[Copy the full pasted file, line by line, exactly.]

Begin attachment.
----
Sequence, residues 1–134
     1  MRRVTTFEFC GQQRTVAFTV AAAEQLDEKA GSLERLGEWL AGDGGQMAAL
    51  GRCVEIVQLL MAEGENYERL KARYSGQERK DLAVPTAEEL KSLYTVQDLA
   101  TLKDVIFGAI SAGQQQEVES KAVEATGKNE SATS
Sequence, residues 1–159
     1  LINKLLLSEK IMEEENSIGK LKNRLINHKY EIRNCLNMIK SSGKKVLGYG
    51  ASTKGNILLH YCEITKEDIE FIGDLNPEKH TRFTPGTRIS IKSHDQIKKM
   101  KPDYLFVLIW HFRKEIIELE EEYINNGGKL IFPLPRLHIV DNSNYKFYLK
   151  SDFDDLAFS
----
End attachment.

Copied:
Sequence, residues 1–134
     1  MRRVTTFEFC GQQRTVAFTV AAAEQLDEKA GSLERLGEWL AGDGGQMAAL
    51  GRCVEIVQLL MAEGENYERL KARYSGQERK DLAVPTAEEL KSLYTVQDLA
   101  TLKDVIFGAI SAGQQQEVES KAVEATGKNE SATS
Sequence, residues 1–159
     1  LINKLLLSEK IMEEENSIGK LKNRLINHKY EIRNCLNMIK SSGKKVLGYG
    51  ASTKGNILLH YCEITKEDIE FIGDLNPEKH TRFTPGTRIS IKSHDQIKKM
   101  KPDYLFVLIW HFRKEIIELE EEYINNGGKL IFPLPRLHIV DNSNYKFYLK
   151  SDFDDLAFS